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Deviated Nasal Implant - Can a Filler Help?

About 8 yrs. ago I had a rhinoplasty in which the surgeon put in an L-shaped implant in my nose. That implant has shifted slightly to the left over these years giving my nose asymmetry at the top where the nose meets the junction of eyes. I visited a renowned surgeon in UK and he mentioned that an injectable filler may be able to solve this problem. The implant is silicone. I am wondering if this is a safe procedure and if I were to do this in the US who would be the best surgeon/doctor for it?

Doctor Answers (13)

Nonsurgical Nasal Injections to Improve Appearance after Rhinoplasty Implant

+3

Hi Rocketmanel San Francisco in San Francisco, California

First, be very careful with any injections into the nose. The nose is very susceptible to color changes, discoloration, swelling, blood flow, pain, numbness, and other potential complications with inappropriate injections into the nose.

There isn't a filler on the market currently that is FDA approved for injection into the nose. Everything is being used off-label. Fillers should never be placed into the tip of the nose, since complications may more likely occur at the nasal tip. Fillers should only placed in the bridge to help smooth contour irregularities and to provide augmentation. Fillers which have been used for nonsurgical rhinoplasty include Radiesse and hyaluronic acids.

Nasal injections after having a silicone or goretex implant may contribute to implant infection. If the implant becomes infected, then it will need to be removed and your nose may end up looking worse.

Technically, any physician could potentially treat a patient by cosmetic injections of Restylane into the nose. However, laws vary by state. Generally, one should be treated by someone who has extensive training & experience with nasal procedures and rhinoplasty, such as plastic surgeons and facial plastic surgeons. Only after a comprehensive evaluation can a surgeon help determine appropriate options for you. Best of luck.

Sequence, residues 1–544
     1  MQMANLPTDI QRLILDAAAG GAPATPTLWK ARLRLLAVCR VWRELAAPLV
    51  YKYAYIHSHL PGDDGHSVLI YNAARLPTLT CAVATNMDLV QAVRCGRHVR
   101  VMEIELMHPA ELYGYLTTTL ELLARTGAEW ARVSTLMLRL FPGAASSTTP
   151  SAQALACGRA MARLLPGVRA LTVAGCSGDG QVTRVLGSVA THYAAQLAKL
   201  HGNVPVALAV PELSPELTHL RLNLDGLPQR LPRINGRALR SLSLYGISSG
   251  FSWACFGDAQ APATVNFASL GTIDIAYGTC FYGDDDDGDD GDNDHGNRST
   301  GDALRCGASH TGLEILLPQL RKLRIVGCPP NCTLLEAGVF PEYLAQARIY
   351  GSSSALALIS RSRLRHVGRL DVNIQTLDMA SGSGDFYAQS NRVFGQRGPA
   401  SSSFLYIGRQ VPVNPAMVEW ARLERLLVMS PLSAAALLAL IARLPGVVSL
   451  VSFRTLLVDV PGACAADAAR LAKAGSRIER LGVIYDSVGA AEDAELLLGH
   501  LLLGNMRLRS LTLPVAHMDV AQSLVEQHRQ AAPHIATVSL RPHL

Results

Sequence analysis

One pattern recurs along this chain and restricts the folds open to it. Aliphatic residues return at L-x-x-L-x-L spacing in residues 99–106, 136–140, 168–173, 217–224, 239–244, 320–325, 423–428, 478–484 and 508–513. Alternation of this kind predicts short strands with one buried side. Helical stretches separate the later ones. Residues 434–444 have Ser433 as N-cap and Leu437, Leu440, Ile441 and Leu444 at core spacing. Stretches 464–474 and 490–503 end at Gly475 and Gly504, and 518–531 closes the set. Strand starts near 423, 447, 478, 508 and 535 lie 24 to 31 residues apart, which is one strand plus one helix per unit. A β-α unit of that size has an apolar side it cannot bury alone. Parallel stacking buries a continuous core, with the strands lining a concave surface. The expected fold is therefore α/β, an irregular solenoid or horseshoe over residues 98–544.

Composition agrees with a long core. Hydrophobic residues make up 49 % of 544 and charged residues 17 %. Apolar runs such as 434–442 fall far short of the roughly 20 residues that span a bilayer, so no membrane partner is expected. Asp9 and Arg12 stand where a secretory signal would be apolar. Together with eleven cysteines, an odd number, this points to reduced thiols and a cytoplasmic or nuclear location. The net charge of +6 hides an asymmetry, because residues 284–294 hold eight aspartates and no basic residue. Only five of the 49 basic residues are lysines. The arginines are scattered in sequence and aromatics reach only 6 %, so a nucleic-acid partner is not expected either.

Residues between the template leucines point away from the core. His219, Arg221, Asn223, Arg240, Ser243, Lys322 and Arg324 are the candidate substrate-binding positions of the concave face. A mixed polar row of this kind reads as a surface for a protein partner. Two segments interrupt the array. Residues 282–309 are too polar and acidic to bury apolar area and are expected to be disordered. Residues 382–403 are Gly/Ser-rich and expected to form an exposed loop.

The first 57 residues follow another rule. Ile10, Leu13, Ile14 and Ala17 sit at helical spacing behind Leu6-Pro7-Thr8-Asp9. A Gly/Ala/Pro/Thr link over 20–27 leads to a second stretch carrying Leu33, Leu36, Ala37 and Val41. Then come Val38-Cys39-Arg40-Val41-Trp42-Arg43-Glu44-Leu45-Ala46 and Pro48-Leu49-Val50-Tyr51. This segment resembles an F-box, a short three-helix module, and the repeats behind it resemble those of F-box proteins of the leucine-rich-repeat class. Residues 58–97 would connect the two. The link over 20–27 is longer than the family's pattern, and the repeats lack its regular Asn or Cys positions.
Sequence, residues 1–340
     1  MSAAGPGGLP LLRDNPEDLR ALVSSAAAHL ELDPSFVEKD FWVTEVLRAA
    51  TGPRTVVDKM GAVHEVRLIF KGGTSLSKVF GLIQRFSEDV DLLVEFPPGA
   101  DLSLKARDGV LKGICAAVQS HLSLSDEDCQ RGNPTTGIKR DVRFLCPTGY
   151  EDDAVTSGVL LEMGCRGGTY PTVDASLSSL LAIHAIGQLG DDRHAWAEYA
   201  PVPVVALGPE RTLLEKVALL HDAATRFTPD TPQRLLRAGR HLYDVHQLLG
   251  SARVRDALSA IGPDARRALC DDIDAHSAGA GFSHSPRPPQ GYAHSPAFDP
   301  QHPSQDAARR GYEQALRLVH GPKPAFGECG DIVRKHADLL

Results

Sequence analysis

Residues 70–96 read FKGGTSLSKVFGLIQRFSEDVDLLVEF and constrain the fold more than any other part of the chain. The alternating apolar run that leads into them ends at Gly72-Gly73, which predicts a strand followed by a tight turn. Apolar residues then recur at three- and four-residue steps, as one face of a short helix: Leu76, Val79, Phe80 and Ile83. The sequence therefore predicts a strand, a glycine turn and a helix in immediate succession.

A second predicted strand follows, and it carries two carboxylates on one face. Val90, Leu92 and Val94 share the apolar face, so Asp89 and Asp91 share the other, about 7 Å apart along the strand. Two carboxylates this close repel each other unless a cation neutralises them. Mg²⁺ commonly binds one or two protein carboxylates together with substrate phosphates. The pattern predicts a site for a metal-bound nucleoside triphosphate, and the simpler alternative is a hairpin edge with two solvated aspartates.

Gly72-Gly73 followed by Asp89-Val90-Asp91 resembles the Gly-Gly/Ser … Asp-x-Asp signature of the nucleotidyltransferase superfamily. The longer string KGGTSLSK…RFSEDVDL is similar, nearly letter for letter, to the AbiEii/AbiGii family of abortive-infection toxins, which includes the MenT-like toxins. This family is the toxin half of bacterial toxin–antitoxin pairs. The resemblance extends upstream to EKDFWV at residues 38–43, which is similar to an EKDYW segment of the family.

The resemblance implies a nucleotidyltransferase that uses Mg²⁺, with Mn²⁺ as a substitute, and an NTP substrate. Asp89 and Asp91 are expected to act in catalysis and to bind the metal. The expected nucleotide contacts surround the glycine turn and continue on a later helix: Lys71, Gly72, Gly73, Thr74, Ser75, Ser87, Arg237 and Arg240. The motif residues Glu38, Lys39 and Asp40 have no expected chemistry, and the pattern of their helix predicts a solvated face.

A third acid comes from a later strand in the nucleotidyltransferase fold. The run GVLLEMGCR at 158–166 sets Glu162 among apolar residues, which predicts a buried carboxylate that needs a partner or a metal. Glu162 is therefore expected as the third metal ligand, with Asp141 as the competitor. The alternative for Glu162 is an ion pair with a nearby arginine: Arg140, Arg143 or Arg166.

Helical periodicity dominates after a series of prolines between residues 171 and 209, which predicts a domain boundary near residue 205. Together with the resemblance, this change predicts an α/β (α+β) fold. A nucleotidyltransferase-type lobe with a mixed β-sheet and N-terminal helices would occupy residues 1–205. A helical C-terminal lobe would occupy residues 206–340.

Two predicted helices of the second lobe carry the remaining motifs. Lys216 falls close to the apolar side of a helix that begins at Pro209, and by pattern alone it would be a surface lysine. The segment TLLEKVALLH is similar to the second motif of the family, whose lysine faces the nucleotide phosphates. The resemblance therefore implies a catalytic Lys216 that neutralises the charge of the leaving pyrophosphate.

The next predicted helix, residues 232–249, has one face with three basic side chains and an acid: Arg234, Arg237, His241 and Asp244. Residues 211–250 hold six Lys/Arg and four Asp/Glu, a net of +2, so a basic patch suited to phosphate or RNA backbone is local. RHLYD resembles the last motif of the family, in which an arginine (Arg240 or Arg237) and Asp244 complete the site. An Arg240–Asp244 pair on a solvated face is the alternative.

Dr. Chaboki


Washington DC Facial Plastic Surgeon
5.0 out of 5 stars 48 reviews

Deviated Nasal Implant - Can a Filler Help?

+3

Worth the try but risks are always present. Best to see the surgeon to discuss the risks in detail. From MIAMI Dr. Darryl J. Blinski

Darryl J. Blinski, MD
Miami Plastic Surgeon
4.5 out of 5 stars 62 reviews

Dont do it

+3

I would urge you to avoid injections in your situation due to the implant.  Injection of anything around the silicone implant may introduce bacteria and get the implant infected.  If you had cartilage instead of the implant then a non surgical revision rhinoplasty with Restylane would be OK but with the implant, you may end up with problems. 

Shervin Naderi, MD, FACS
Washington DC Facial Plastic Surgeon
5.0 out of 5 stars 37 reviews

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Not a big fan of nasal fillers

+2
I personally am not a big fan of filler in the nose. I would recommend seeing a surgeon experienced in revision rhinoplasty. More than likely, they will recommend removing the implant and replacing it with your own cartilage. Please see someone with extensive experience in revision rhinoplasty as this can be a very difficult situation to correct. Ultimately, for a lifetime correction, you will want your own cartilage to replace the silicone implant.